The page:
It’s the Red Barn, now used for indoor rope climbing but once part of a farm (one of several) whose lands RIT appropriated in the 1960s.
Other than that, the campus is the product of a twentieth-century industrial aesthetic that includes not just the design of its brick buildings but also the choice of its flora. The contours may be those given by nature, but the surfaces have all felt the edge of mechanized steel blades—from bulldozers and backhoes to tractor-pulled lawn mowers. Plus the grass, the flowering plants, the bushes, and even the trees are all nursery bought.
Each year, just before commencement, the grounds are dressed. Grass is reseeded where snow plows accidently scraped to bare earth. Large pots of flowers are placed outside the doors of the library and in other locations. And everywhere you look, you see tents of various sizes—for musicians, for refreshments, for receptions, etc. The degree-presenting ceremonies may be held indoors, but the real celebrating is done out-of-doors, with the buildings serving as backdrops.
At such times, the environmental sweep of RIT’s development would seem to be complete. Yet in low-lying areas around the base of the high ground you can still see the wetlands that flank a small stream. Beginning south of campus, the West Branch of Red Creek flows eastward—away from the river—and then skirts the edge of the campus until it’s able to head northward.
Truth be told, then, the RIT campus isn’t really a creature of the river. Instead, it’s a creature of that small stream. Although the high ground has been extensively developed, the wetlands haven’t been completely obliterated. Indeed, there remains even now a gem of nature in RIT’s high-technology crown. By policy, a swatch of wooded wetlands continues to exist in something like its natural condition. True, a parking lot has been jammed right up against its western edge, and throughout its interior, a trail system has been laid out. But here each spring I can watch the succession of wildflowers coming into bloom—trout lilies, white trillium, mayapples, and others.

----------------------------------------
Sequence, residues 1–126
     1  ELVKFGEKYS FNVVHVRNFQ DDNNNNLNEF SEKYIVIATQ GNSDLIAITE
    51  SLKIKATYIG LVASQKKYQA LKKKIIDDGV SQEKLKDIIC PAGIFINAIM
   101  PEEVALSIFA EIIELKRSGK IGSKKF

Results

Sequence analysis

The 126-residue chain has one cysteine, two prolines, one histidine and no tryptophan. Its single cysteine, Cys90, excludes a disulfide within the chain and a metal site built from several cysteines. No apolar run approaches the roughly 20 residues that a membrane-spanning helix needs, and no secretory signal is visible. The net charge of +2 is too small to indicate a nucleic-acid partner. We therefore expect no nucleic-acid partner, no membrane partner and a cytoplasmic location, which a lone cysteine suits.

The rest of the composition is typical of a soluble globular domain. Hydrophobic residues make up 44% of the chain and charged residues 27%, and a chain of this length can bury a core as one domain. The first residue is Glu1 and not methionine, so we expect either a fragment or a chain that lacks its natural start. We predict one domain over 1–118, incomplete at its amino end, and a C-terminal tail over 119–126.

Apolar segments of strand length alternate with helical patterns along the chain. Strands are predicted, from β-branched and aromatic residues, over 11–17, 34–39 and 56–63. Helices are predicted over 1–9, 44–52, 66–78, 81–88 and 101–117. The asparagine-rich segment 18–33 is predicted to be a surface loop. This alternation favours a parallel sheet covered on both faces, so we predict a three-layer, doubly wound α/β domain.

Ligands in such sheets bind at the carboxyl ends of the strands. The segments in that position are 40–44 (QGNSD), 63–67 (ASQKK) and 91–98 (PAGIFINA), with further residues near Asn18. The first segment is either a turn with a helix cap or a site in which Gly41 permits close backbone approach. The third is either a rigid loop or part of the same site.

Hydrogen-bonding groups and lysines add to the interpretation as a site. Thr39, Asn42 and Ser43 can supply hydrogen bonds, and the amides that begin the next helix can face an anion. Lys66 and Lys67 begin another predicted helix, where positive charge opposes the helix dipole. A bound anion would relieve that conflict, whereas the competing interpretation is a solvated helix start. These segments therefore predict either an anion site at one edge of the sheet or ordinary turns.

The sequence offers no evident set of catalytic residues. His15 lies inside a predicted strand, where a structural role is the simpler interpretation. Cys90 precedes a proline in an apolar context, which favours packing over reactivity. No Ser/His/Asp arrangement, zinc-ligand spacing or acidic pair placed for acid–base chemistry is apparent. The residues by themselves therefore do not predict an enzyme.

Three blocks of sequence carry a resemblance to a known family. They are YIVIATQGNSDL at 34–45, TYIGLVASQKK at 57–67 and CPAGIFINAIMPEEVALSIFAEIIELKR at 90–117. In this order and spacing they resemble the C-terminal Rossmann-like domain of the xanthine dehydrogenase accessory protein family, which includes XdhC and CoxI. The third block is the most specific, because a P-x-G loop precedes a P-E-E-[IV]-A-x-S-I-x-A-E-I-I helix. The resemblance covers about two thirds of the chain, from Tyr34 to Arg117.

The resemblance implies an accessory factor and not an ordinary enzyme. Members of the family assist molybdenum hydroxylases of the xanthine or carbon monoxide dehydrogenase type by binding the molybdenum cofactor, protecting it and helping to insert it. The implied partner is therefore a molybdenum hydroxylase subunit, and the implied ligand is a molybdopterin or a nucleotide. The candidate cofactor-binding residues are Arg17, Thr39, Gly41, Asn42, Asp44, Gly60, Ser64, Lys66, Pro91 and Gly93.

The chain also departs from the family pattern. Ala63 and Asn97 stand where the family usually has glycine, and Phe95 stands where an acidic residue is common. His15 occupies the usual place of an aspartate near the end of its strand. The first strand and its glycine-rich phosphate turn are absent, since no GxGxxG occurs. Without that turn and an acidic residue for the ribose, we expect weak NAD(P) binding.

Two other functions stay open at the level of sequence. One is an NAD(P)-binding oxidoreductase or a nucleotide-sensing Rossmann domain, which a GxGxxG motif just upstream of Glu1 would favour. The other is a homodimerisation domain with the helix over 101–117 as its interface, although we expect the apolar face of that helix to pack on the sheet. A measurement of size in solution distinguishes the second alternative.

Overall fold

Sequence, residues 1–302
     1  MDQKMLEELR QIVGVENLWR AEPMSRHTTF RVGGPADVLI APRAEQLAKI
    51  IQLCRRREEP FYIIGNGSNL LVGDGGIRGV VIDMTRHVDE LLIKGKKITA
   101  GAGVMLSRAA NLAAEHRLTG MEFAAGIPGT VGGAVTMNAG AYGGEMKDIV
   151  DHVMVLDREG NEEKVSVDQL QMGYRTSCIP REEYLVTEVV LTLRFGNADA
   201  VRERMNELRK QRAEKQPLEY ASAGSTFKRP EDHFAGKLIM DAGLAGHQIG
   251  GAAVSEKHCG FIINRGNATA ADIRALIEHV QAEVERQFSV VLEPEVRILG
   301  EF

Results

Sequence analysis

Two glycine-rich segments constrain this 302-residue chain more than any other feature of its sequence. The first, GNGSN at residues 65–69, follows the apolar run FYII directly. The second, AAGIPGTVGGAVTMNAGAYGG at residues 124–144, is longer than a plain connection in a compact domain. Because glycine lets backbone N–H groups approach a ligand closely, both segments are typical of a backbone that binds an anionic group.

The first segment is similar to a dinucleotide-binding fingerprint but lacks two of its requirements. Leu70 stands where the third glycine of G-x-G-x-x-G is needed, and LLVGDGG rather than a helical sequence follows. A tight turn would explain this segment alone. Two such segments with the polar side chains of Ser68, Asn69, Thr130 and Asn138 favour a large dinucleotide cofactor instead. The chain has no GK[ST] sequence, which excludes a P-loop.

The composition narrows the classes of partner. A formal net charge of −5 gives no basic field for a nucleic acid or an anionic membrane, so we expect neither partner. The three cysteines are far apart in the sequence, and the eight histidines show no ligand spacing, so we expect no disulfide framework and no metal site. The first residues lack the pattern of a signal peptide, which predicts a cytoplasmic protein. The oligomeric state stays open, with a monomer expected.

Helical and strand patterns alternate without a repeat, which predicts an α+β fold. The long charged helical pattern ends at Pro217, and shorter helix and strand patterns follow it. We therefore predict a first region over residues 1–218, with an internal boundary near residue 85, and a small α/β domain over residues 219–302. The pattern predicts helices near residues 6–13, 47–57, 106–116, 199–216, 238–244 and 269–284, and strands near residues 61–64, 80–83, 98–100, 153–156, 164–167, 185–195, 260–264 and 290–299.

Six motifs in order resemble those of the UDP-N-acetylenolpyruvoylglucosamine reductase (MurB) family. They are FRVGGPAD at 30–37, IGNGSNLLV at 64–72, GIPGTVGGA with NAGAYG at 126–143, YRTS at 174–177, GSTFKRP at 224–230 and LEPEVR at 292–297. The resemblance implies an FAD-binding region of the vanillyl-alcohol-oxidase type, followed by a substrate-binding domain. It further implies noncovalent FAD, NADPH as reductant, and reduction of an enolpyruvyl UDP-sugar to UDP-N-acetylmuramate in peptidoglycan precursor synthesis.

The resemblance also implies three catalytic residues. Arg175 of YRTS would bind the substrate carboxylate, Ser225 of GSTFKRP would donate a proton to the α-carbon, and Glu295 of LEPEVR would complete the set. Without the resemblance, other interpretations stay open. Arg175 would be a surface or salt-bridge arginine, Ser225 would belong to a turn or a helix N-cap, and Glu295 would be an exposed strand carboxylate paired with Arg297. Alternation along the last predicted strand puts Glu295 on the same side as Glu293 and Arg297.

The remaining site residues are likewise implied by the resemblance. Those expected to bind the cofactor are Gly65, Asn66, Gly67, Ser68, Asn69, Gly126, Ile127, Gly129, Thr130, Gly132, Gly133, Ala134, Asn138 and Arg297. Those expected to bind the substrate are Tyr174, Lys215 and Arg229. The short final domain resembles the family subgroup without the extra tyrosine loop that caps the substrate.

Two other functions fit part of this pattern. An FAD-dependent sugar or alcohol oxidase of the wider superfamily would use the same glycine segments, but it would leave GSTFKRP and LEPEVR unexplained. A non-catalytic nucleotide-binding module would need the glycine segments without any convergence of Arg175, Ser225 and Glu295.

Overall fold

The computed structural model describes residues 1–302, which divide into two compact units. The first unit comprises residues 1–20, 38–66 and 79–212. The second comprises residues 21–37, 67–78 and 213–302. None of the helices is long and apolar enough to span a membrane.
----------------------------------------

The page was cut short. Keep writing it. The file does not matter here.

If I happen to be teaching the course in which I assign Leopold’s book, I make a point of ending class early and inviting the students to join me for a walk. As we head east from the liberal arts building toward the student center, the terrain drops, allowing me to remark that despite extensive development over the years, the underlying topography of the campus is still natural.
After walking between the gym and student center, the terrain again drops. But the level of the walkway remains constant—so that the Quarter Mile, which connects the academic buildings to the residence halls, is actually an embankment. It’s also the northern edge of a forested swamp. Thus the asphalt path we take to the south drops down to the flood plain. Finally we approach the line of demarcation where—by policy—the industrial aesthetic ends and the natural aesthetic begins:
The first leg of the wooded trail parallels the Quarter Mile, and as we approach the residence halls, we usually find ourselves laved in the sounds of recorded music. At other times and seasons, however, the trail is quieter. On such occasions, I might startle a snake, a heron, or a deer—or observe the “V” of a muskrat’s wake on the pond.
1 Jack Bradigan Spula, “Black Creek Is Beautiful,” City, Vol. 28, No. 43 (for the week of 21-27 July 1999), p. 9.
2 Aldo Leopold, A Sand County Almanac and Sketches Here and There (Oxford University Press, 1949), p. 18 (in the essay “The Geese Return”).
3 Ibid., p. 100 (in the essay “Marshland Elegy”).
4 Ibid., p. 41 (in the essay “Great Possessions”).
© 2008, Thomas D. Cornell